c. 2004 Religion News Service
PITTSBURGH _ Conservative leaders on Friday (May 7) insisted there is no organized campaign to force a split in the United Methodist Church, but said the denomination can no longer ignore deep divisions over homosexuality and other issues.
As delegates wrapped up their General Conference legislative meeting, evangelicals downplayed a call issued Thursday by one of their own for an “amicable separation” within the 10 million-member church.
“I don’t want us to talk about separation,” said the Rev. Maxie Dunnam, president of Asbury Theological Seminary and a conservative leader. “That’s not a game where our energy needs to be focused.”
Dunnam said a resolution circulated Thursday that urged a churchwide divorce was premature. Officials said it was drafted to spur discussion between the church’s left and right wings but was never a formal proposal.
The statement, along with a Thursday morning speech by Confessing Movement President Bill Hinson urging an end to “our cycle of pain and conflict,” caught many in the church off-guard. It also prompted a great deal of soul-searching.
Delegates, linking arms and singing United Methodism’s national anthem, “Blest be the tie that binds our hearts in Christian love,” on Friday overwhelmingly endorsed a last-minute statement that upheld church unity.
“As United Methodists we remain in covenant with one another, even in the midst of disagreement, and reaffirm our commitment to work together for our common mission of making disciples of Jesus Christ throughout the world,” said the statement, approved 869-41.
Hinson’s call for schism was not embraced by all conservatives. The Rev. Eddie Fox, who led the effort to maintain church policy on homosexuality, said, “I’ve not left this church, nor has this church left me.” Dunnam agreed.
Hinson, the former pastor of First United Methodist Church in Houston, said his “shot heard ’round the world” simply acknowledged that Methodists are two churches living uncomfortably under the same roof.
“The division of our church has already happened,” said Hinson, who called the church’s divisions irreconcilable. “It just hasn’t been named or formalized yet.”
Though divisions were obvious, delegates earlier this week rejected a move to “recognize that Christians disagree” on the sinfulness of homosexual activity. Instead, they pledged to “seek to live together in Christian community.”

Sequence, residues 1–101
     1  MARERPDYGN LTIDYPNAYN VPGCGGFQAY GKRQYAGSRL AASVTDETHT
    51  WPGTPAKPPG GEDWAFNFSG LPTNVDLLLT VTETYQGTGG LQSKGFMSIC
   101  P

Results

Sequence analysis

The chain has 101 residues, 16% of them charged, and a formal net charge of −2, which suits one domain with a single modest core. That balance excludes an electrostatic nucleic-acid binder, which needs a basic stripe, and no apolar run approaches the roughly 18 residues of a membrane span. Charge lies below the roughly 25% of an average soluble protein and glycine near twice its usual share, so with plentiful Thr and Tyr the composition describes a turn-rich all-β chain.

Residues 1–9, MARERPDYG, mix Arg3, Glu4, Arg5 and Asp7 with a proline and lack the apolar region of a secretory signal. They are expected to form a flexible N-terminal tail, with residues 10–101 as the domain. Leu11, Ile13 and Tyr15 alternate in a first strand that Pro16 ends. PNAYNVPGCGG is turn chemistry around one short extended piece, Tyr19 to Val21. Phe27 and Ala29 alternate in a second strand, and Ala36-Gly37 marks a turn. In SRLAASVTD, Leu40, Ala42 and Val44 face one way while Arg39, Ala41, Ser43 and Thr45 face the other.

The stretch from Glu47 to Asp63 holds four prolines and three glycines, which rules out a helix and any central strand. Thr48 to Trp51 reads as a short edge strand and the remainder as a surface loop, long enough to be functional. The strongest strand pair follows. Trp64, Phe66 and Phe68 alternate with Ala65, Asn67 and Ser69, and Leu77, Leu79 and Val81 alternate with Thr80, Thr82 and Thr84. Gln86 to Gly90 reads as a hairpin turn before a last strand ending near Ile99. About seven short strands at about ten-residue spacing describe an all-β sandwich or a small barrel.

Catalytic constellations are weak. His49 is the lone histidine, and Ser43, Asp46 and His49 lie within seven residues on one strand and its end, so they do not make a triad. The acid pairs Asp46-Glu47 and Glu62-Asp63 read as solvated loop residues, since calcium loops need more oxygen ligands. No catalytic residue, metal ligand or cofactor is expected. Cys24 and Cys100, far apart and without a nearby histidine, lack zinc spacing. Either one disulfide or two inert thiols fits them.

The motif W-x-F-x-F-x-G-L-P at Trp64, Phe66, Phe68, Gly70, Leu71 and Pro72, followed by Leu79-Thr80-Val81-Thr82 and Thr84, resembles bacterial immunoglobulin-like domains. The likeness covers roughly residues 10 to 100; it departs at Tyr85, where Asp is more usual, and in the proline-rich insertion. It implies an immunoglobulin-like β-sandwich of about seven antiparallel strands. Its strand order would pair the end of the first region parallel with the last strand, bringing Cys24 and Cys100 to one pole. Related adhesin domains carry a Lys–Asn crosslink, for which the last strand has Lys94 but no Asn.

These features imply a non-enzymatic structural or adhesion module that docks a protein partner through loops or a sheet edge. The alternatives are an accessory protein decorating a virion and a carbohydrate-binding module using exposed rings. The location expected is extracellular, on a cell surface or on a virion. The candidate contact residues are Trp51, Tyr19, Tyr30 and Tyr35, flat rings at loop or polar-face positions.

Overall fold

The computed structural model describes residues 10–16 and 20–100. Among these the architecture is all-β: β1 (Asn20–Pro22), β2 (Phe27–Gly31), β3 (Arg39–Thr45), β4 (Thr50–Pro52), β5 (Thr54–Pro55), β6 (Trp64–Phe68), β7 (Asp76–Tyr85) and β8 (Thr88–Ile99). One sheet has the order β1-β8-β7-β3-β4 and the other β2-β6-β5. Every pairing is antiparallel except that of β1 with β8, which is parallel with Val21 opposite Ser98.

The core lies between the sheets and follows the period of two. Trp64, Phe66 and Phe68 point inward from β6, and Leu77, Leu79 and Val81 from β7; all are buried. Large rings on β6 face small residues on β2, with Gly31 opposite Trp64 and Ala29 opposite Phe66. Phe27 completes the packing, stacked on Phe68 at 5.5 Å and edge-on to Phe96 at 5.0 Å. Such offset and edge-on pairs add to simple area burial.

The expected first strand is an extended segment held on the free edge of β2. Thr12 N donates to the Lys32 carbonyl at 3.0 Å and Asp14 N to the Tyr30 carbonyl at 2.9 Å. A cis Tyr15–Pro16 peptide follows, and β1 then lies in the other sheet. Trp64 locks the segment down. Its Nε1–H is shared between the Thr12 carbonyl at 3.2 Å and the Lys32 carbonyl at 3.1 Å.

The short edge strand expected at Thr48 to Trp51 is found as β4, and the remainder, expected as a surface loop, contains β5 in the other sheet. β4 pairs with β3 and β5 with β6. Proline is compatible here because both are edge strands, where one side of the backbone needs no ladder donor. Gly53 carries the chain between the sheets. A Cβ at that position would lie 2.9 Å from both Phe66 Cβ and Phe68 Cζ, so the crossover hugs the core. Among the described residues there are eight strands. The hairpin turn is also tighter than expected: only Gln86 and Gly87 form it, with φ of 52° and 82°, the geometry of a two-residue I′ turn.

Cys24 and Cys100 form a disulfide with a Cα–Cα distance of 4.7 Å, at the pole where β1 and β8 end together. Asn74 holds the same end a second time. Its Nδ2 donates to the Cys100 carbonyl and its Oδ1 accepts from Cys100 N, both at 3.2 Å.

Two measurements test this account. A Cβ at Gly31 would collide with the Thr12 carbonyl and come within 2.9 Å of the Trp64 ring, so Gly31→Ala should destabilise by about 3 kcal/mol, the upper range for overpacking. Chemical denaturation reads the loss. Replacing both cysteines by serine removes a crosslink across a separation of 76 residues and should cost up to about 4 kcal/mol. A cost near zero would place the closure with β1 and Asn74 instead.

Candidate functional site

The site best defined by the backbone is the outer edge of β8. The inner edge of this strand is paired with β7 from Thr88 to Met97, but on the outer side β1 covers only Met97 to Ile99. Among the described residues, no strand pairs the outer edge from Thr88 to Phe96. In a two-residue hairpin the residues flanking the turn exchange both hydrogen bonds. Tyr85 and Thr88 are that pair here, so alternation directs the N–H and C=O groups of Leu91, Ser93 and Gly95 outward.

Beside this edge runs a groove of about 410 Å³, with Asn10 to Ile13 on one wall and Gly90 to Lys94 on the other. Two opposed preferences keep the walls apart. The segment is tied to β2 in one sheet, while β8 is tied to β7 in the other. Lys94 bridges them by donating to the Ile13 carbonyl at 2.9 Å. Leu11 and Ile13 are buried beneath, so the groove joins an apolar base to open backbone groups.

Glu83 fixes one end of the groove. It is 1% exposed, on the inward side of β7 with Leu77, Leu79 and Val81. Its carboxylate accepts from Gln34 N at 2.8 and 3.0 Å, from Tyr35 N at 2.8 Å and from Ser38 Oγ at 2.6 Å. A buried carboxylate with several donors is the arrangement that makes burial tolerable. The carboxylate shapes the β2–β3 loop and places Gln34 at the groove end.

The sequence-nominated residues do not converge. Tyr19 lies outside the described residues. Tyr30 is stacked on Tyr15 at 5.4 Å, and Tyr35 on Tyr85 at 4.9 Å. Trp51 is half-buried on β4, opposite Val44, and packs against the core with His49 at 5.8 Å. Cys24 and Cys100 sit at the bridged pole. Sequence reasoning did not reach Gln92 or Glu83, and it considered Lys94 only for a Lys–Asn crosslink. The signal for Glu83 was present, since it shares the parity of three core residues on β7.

Delegates voted to leave unchanged policy that calls gay sex “incompatible with Christian teaching.” The church’s highest court also made clear that bishops may not appoint openly gay pastors to Methodist pulpits.
The March 20 acquittal of the Rev. Karen Dammann, an openly lesbian pastor in Washington state, outraged conservatives and fueled a drive to tighten the language of the denomination’s gay policy.
Delegates and the court made explicit that being an openly gay, noncelibate homosexual is a “chargeable offense” for clergy. They also said that “not being celibate in singleness or not faithful in a heterosexual marriage” is grounds to charge heterosexual ministers.
Progressive groups worried that the church is sailing into a stormy season of “inquisition” as gay clergy _ and even the bishops who support them _ face church trials under the stricter policies.
“How do you prove someone is a self-avowed practicing homosexual? That’s the yuck factor,” said the Rev. Monica Corsaro, a leader of the gay-friendly Reconciling Ministries Network. “Are we really going down that road?”
On balance, the church leaves its General Conference meeting largely maintaining the status quo, with a slight tilt to the right. Both sides agree that the church’s highest court, the Judicial Council, will play a crucial role enforcing church policy until Methodists gather again in 2008.
While the church maintained its conservative policies on sexuality, the policies it adopted regarding stem cell research, abortion and a boycott against Taco Bell continued its left-of-center tradition on social policy.
“Conservatives are usually so drained and exhausted from fighting on sexual issues that they tend to take a pass on political and social issues,” said Mark Tooley, who monitors the church for the Institute on Religion and Democracy.
But on Friday, delegates refused to allow time to consider a short statement drafted by a small group of bishops that said the U.S. war in Iraq did not meet “just war” criteria.
The statement, referring to recent reports of prisoner abuse at the hands of American soldiers, said the “cycle of violence in which we are engaged has set a context for un-American and un-Christian violations of human beings who are Iraqi prisoners of war.”
DEA/PH END ECKSTROM